Newspaper article Pittsburgh Post-Gazette (Pittsburgh, PA)

Support for Gay Marriage Grows, Pa. Poll Shows Lawmaker Says Change in Views on Equality Spurred by More Exposure

Newspaper article Pittsburgh Post-Gazette (Pittsburgh, PA)

Support for Gay Marriage Grows, Pa. Poll Shows Lawmaker Says Change in Views on Equality Spurred by More Exposure

Article excerpt

A poll conducted earlier this year by Susquehanna Polling and Research shows that more than 70 percent of Pennsylvanians support banning discrimination against individuals on the basis of sexual orientation.

The most recent Franklin & Marshall College poll reinforces those results, showing support for gay marriage among Pennsylvanians to be growing with 54 percent in favor, up from 33 percent in 2006, and 41 percent opposed, down from 60 percent in 2006.

Rep. Brian Sims, D-Philadelphia, the first openly gay member voted into the Pennsylvania Legislature, said the biggest reason for the change in views on LGBT equality is the exposure people now have to those of a different sexual orientation.

"The amount of people coming out has skyrocketed, and the level of invisibility made it foreign to people. It used to be 'them' and 'they,' but now it is 'we' and 'us,' " he said. "I think LGBT rights in Pennsylvania are inevitable. The question is, when is it going to happen?"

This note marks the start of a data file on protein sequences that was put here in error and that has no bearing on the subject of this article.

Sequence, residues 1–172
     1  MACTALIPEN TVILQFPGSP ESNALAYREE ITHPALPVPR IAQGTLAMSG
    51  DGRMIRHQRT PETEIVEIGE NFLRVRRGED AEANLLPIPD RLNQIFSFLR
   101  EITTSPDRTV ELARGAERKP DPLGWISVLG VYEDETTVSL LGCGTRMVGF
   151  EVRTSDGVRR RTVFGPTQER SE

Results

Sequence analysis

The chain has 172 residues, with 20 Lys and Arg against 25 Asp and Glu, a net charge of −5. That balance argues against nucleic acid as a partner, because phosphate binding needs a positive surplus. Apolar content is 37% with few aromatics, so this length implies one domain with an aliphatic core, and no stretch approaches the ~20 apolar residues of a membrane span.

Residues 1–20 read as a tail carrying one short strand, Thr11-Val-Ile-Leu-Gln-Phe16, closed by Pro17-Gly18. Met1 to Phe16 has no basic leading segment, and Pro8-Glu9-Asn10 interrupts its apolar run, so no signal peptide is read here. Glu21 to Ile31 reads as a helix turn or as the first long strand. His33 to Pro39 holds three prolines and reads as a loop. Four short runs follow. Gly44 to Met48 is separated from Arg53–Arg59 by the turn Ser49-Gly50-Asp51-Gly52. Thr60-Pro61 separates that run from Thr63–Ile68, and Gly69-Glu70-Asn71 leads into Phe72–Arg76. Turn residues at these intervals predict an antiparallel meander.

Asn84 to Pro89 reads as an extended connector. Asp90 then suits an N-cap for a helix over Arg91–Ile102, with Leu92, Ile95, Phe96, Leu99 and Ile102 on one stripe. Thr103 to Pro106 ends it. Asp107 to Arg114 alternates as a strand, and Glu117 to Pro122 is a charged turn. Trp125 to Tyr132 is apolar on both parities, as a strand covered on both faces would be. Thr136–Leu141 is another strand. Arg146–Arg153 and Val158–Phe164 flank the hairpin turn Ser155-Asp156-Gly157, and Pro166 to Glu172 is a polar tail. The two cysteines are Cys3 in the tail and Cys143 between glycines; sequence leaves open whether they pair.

Despite the growing number of Pennsylvanians who support the passage of legislation to provide LGBT people equal protection from discriminatory practices, action has been slow in the statehouse.

"It is very perplexing," said Rep. Dan Frankel, D-Squirrel Hill. "I think the Legislature is much more conservative than the rest of the state. You see it on guns, you see it on women's reproductive rights, and you see it on LGBT rights."

Mr. Frankel has sponsored bills in each of the last five legislative sessions that would make it unlawful to fire someone, refuse service in a business or deny housing based on sexual orientation.

While Mr. Frankel's bill has yet to make it to the floor for a vote, it has gained support in each session.

When the bill was first introduced in 2001 it had just 25 co- sponsors, but has steadily gained support in the House, with 77 co- sponsors in 2011, seven of which were Republicans. Mr. Frankel expects to have more than 80 co-sponsors when he introduces the bill again next week. …

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